Four months of campaign messages about the long-deferred needs of Jackson Health System and the urgency for the aging public hospital system to more effectively compete against South Florida’s private and not-for-profit hospitals paid off Tuesday.
Miami-Dade voters approved a referendum to raise their property taxes and fund $830 million in upgrades and new equipment and facilities for Jackson.
The victory at the polls helps secure Jackson’s long-term future in the face of declining reimbursements from state and federal government programs and the uncertainties of the Affordable Care Act, said Carlos Migoya, chief executive.
It also allows Jackson to complete the financial turnaround that brought the hospital system back from the brink of bankruptcy in 2011, and begin the renovations, equipment upgrades and new construction that Jackson’s leaders believe are needed to attract more insured patients to help pay for the large numbers of uninsured and indigent patients whom the hospital serves.
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“Plenty of people who voted for this bond today did it without thinking they would ever need Jackson themselves,’’ Migoya said, acknowledging the broad support the referendum received. “Over the next decade, we will look back at this as the turning point.’’
The Jackson bond referendum cost the county about $2 million, according to the elections office, though the total election — including city council races in Hialeah, Homestead, Miami and Miami Beach — cost an estimated $4.3 million.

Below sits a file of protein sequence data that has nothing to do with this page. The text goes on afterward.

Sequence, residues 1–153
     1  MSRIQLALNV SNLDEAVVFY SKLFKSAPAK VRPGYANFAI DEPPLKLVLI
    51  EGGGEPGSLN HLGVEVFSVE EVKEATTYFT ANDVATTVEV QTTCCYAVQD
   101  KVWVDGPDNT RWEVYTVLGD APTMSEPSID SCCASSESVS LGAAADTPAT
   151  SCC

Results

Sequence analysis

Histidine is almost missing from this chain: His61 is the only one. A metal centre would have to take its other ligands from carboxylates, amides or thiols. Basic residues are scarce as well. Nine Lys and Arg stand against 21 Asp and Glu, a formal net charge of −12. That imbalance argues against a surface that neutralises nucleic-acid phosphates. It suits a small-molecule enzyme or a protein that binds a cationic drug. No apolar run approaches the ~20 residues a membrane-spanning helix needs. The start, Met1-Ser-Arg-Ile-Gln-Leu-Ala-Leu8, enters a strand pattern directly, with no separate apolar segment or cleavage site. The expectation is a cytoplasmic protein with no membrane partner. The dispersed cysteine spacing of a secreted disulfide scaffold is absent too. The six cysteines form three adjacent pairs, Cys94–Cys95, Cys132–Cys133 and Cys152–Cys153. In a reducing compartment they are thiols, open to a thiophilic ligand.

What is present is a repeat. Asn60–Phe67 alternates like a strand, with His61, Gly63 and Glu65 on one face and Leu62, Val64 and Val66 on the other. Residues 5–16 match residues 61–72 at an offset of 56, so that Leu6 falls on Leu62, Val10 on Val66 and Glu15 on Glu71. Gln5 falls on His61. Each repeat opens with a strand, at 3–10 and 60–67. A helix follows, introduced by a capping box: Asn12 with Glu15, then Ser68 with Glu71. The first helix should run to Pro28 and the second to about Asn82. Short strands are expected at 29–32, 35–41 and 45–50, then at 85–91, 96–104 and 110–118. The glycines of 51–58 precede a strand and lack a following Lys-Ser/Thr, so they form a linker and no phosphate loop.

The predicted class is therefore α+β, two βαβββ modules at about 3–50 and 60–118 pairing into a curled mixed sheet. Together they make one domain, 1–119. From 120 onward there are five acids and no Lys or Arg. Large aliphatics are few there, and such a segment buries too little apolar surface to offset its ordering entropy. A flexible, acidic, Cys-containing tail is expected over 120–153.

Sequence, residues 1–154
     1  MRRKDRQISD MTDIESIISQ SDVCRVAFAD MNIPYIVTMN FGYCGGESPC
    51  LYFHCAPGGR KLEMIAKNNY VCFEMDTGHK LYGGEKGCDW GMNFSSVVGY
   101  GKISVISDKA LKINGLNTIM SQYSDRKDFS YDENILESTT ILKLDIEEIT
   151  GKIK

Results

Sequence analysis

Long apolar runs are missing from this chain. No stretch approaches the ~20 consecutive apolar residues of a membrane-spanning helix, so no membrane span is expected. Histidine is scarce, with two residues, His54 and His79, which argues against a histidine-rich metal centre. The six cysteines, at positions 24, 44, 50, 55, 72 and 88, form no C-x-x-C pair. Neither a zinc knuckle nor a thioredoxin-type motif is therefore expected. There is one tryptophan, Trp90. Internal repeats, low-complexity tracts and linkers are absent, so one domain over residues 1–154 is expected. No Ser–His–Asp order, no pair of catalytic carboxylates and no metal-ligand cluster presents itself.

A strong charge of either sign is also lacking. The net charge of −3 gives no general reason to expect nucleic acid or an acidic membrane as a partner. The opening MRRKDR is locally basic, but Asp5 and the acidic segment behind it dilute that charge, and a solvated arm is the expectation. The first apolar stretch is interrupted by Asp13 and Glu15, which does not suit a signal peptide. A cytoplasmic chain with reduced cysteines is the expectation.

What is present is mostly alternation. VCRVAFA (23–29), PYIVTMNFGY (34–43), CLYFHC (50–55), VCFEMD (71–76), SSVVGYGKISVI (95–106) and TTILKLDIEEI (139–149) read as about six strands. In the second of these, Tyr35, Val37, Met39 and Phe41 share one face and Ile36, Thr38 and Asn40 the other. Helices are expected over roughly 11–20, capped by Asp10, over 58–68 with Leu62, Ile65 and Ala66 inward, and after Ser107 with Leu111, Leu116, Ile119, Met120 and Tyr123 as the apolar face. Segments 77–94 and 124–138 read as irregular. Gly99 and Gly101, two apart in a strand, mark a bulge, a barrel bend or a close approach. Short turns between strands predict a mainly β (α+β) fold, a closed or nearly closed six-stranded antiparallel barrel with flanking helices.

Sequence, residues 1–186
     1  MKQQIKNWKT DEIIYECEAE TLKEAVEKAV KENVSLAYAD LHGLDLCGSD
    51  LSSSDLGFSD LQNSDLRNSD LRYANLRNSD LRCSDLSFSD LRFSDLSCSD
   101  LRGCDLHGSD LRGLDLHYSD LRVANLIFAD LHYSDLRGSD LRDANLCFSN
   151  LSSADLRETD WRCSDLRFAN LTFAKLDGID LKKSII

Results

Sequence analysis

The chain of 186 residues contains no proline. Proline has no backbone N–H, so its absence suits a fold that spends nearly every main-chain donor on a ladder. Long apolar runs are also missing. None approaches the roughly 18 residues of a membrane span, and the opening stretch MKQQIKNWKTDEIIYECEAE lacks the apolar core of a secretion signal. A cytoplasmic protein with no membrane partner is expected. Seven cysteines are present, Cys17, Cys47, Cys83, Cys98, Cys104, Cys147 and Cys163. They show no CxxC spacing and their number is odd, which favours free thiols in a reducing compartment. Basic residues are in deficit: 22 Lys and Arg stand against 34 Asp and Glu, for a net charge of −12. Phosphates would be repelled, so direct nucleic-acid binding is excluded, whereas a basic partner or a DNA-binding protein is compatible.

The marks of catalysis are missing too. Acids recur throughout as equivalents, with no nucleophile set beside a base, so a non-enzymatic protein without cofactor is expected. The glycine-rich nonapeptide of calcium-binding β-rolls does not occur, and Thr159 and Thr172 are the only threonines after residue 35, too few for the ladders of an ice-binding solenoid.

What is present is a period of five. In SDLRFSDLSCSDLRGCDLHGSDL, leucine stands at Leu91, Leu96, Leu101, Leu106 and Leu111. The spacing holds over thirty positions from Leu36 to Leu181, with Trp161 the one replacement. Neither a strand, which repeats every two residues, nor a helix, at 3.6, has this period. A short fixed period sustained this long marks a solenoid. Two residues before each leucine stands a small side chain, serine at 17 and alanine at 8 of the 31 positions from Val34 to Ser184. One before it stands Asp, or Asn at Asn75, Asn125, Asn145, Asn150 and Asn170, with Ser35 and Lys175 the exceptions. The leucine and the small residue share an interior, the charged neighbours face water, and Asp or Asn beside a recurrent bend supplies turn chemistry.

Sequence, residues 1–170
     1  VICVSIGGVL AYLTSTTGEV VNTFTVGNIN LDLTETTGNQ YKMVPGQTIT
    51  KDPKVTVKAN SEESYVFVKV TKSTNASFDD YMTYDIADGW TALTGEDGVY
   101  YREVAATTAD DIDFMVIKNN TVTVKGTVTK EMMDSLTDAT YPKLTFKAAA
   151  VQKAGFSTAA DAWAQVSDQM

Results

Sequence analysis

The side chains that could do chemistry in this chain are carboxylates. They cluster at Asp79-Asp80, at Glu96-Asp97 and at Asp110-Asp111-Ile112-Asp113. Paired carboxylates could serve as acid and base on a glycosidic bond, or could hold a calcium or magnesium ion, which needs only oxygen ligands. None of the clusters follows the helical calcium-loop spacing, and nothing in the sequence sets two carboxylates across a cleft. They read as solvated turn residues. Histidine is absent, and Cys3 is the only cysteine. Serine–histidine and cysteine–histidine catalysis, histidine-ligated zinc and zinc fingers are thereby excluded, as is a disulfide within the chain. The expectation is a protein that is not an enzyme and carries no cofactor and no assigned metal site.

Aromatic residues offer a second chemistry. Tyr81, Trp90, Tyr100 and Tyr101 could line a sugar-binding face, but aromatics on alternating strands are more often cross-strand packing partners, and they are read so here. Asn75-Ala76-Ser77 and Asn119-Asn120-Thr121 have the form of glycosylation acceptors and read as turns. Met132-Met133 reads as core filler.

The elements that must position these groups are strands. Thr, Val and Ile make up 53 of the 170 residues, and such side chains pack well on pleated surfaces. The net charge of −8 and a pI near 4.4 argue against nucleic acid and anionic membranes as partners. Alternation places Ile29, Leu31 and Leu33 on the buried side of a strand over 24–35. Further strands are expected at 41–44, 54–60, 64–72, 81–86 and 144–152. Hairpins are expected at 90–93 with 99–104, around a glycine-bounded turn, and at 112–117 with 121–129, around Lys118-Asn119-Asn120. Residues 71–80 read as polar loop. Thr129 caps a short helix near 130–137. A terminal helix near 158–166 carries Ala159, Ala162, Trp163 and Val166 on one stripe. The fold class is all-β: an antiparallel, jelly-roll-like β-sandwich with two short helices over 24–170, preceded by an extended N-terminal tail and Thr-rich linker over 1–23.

Jackson administrators, employees and patients gathered in a ballroom at the Hilton Miami Downtown on Biscayne Boulevard shortly after polls closed, with loud music, appetizers and a cash bar giving the room a celebratory atmosphere even before the votes were tallied.
When nearly half of the precincts were counted — the “yes” votes led by a comfortable margin throughout the night — Migoya, who had been waiting in a separate room, entered the ballroom and took the stage along with Miami-Dade County Commissioners Audrey Edmonson, Barbara Jordan, Sally Heyman and Javier Souto. University of Miami President Donna Shalala and Darryl Sharpton, chairman of the Public Health Trust that governs Jackson, also joined Migoya on the stage.
Migoya has been the campaign’s most public face, spending the past four months speaking to civic groups and homeowners associations, giving interviews on television and radio and participating in media events at the hospital.
He lauded employees, thanked elected officials and vowed to complete bond projects on time and within budget.
“Proud as I am of the way we ran this campaign,” Migoya said, “everyone here knows we will truly be judged by the way we manage this project.’’
The campaign’s core message emphasizing Jackson’s mission to provide quality healthcare to all Miami-Dade residents, regardless of their ability to pay, resonated with voters and donors.
Citizens for a Healthy Miami-Dade, the political action committee pushing for voter approval, raised $2.1 million during the four months ending Oct. 31, attracting the support of a broad section of South Florida civic and business leaders, including billionaire philanthropist and car dealer Norman Braman, who gave $25,000 to the Jackson effort but famously opposed Miami-Dade’s financing of the Miami Marlins baseball stadium in 2008 and most recently opposed a proposal to renovate Sun Life Stadium for the Miami Dolphins using public funds.